Dunbar Science Club was created in 2011 by a small team of volunteer parents of pupils attending Dunbar Primary School. Our objective is to inspire and encourage a life-long interest in science amongst children living in the Dunbar Cluster area by running an annual programme of varied workshops provided by local scientists (including volunteer parents) and external providers.
Dunbar Science Club was an initiative of Dunbar PS’s Parent Council’s “Science, Maths, Engineering & Technology Sub Group” that also created the annual award winning community science festival, Dunbar SciFest.
Dunbar Science Club is supported by Community Windpower Ltd, who also support Dunbar SciFest.
Dunbar Science Club Workshops
We deliver three one-hour long workshops, ideally fortnightly between September and June annually. The first two workshops, starting at 9.30am and 10.30am are for children aged 5-8 and the third workshop, starting at 11.30am, is for children aged 9-12+.
We open the online workshop booking, via our own Dunbar Science Club App, two weeks before the workshop date.
Dunbar Science Club Workshops Dates 2017
Are you interested in delivering workshops for Dunbar Science Club?
If so, please contact the organiser asap and confirm the following:
- Which date / dates from the list above you would be available to deliver your workshop activities?
- That you are happy to deliver 3 x 45-50 minute duration workshops within the hour-long slots, starting at 9.30, 10.30 & 11.30am?
- That your workshop activities are suitable for the 2 age groups (5-8 and 9-12+)? Please note that we are very happy for you to use us as ‘guinea pigs’ to test out activities that may wish to run at open days, science festivals etc.
- How many people will deliver the workshops?
- Whether you charge a fee and if so how much or whether you’d be happy for us to cover your travel expenses? We will provide hot drinks and snacks from the Ridge Cafe
We would need you to provide the following information asap please:
- Workshop Title
- Workshop descriptive blurb (ideally 50 words, max 100 words)
- The capacity of each workshop – please advise us on what you think will work best for your activity, anywhere between 10-30 children per session
- Workshop Risk Assessment
Flexible 4-week online course – join when it suits you
This course will help you to:
- Identify outcomes and develop an evaluation plan
- Design a qualitative evaluation for your public engagement activity
- Design a quantitative evaluation for your public engagement activity
- Design a questionnaire to evaluate your public engagement activity
The course has been developed by Eric Jensen (Associate Professor, Dept. of Sociology, University of Warwick), a leading social scientist specializing in innovative methods of conducting impact evaluation research in informal learning and public engagement contexts.
Competitive hourly rate
No application deadline
We are always looking for dynamic freelance science presenters to deliver our science experiments, demonstrations and workshops to people of all ages. We have a schools and nursery programme, we run events for groups and clubs, and provide entertainment for parties and events.
You should have experience of working with children and presenting science to public audiences, and be enthusiastic and engaging. Must be a self-starter. A driving licence and access to a reliable car is essential.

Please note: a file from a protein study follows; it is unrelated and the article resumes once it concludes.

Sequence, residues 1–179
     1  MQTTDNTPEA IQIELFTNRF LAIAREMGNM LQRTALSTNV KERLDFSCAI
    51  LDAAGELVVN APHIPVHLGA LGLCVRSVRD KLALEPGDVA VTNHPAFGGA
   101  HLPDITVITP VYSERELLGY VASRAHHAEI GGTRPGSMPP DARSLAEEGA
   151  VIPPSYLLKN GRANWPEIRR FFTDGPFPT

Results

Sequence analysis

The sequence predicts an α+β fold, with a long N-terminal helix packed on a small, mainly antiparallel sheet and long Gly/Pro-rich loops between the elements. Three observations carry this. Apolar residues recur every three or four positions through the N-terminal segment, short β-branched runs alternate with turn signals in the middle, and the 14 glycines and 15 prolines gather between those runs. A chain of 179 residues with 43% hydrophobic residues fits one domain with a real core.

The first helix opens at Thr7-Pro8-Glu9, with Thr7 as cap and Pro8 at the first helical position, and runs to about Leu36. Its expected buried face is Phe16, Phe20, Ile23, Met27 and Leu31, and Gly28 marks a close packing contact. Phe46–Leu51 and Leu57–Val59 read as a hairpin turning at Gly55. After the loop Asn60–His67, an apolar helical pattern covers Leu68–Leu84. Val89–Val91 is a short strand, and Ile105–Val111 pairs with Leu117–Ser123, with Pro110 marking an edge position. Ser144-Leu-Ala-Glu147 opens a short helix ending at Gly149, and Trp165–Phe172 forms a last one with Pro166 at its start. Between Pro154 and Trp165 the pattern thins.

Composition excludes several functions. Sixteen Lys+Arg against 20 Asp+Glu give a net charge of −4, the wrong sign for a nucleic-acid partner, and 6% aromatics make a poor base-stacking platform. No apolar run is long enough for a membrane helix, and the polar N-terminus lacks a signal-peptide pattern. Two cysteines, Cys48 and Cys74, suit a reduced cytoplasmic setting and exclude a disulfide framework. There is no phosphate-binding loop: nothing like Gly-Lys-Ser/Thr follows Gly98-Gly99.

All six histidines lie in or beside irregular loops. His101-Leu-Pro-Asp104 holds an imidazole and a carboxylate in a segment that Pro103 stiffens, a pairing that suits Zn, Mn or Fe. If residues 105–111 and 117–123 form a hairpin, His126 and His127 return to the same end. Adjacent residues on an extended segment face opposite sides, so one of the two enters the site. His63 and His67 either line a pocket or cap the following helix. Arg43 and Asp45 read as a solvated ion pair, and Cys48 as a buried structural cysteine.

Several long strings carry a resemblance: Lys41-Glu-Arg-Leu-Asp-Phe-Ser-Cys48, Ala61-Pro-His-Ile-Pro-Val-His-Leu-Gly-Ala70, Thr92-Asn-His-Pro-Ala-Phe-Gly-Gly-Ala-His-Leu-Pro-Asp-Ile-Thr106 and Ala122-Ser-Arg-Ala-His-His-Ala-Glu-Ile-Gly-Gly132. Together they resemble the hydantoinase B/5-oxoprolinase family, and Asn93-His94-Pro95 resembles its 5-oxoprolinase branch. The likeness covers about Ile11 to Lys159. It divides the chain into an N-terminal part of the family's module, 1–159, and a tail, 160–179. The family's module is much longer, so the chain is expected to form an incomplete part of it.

To apply, please send a CV and covering letter to firstname.lastname@example.org.
Midlothian Science Festival have been awarded funding from RCUK to take a pop up ‘Smoothies and Science’ activity to community football tournaments in Midlothian from May-Oct 2017. They will have a small marquee/tent, and will invite young people to come and make a smoothie on their smoothie bikes and meet researchers working on physiology-related projects.
The events will be informal and would be a good place for researchers to engage with new audiences and develop/test new activities. Staff and students from Queen Margaret University are already on board to help to deliver the events and Midlothian Science Festival are keen to involve other researchers too.
Audience: The main target age for this is children aged 11 – 15 years who are unlikely to attend science events. Many will be potential early school leavers. Some of the events may be in secondary schools with pupils who are being encouraged to stay in school at lunchtime to play football. The festival hopes to offer them a rich learning experience through their interactions with researchers.
Dates and venues: Likely dates are weekends (and possible some weekday lunchtimes) between May and October. Venues to be confirmed but the festival are working with football clubs in Penicuik, Bonnyrigg and Loanhead (and possibly Easthouses). Weekend events are likely to last 2-3 hours.
Engaging with schools is a well-established public engagement route. Highly impactful if done well, it faces several challenges, such as the short duration of projects, the limited reach and the sustainability of funding. Join us to meet Lise Mccaffrey, Director of the Primary Engineer programme for Scotland, to find out how Primary Engineer addresses some those obstacles. Primary Engineer are keen to work with both undergraduate and postgraduate science and engineering students, so join us to learn how you and/or your students could get involved in the work of Primary Engineer. Primary Engineer is a not-for-profit organisation supported by the Institution of Mechanical Engineers, Scottish Engineering, AMS Neve and Babcock International which aims to develop the skills and confidence in teachers first and then extend from this secure foundation. The programmes are whole-class focused, including learners of all abilities.